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Home > Campus Now > Waseda rediscovery:Early Spring Issue (Apr. 2014)

Campus Now

Early Spring Issue (Apr. 2014)

Waseda rediscovery
Photo: Yoichi Sato

cover story

Courtroom classroom which fulfills the pedigree of cultivating legal professionals

The origin of the Waseda University School of Law can be traced back to the Department of Law when Tokyo Senmon Gakko was founded in 1882.
At that time, the clan government viewed the school as an anti-government institution cultivating democratic rights ideology. This view was taken due to the school’s founder Shigenobu Okuma, who was banished by the government during the 1881 Political Crisis. As such, the school was subject to frequent government interference.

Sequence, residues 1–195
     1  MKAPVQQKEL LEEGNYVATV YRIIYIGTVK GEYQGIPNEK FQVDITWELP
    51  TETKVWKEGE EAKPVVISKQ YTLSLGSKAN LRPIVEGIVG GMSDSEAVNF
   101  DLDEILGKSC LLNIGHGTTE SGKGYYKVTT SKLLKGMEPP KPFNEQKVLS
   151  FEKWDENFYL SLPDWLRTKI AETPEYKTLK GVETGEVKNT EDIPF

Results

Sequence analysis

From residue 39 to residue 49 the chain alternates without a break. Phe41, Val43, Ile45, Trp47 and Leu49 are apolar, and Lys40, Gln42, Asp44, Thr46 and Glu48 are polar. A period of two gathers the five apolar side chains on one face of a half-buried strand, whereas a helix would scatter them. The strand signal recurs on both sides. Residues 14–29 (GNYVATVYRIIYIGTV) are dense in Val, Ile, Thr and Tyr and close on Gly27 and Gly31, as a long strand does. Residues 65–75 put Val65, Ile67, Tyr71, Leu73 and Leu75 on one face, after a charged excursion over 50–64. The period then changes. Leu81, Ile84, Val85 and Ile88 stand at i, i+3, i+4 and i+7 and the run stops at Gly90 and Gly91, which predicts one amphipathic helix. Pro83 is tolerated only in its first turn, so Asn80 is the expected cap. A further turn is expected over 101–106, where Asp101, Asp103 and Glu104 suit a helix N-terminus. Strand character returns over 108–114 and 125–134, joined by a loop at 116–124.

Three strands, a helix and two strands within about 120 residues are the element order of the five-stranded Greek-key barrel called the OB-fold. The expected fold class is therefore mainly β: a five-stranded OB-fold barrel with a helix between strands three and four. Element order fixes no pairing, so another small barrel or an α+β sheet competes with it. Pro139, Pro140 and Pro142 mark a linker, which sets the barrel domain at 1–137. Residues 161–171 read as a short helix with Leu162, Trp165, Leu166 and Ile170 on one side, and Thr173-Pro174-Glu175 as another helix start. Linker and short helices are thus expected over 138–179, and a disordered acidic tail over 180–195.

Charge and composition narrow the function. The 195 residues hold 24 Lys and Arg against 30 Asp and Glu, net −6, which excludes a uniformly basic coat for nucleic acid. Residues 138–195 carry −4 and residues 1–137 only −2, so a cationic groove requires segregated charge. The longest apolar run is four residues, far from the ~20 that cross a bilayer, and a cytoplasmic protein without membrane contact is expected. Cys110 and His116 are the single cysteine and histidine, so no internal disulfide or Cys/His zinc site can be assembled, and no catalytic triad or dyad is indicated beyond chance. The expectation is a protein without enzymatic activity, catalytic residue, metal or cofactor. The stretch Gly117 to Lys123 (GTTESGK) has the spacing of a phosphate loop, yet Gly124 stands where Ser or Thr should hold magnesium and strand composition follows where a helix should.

In 1883, the government prohibited judges, public prosecutors and professors of the former imperial universities from giving lectures at private schools.
This was a particularly harsh blow for the Waseda University Department of Law. The school’s existence was endangered by decreased enrollment due to lack of instructors, as well as by university officials who argued for abolishing the department.
This difficult period was overcome thanks to the passion and effort of Okuma and other officials. Since then, the Waseda University School of Law has continued to produce legal professionals and numerous other outstanding scholars for more than 130 years.
When looking at courses offered in the school’s early day, the title “Application of Law to Crime and Judgment” catches one’s eye. This shows how the school conducted practical legal debate and mock trials even from its early stages.
Today, the courtroom classroom is located in the Building No. 8 on the Waseda Campus. The classroom is used by the Waseda Law School to conduct mock trials, carrying on the unbroken tradition of cultivating legal professionals at Waseda University.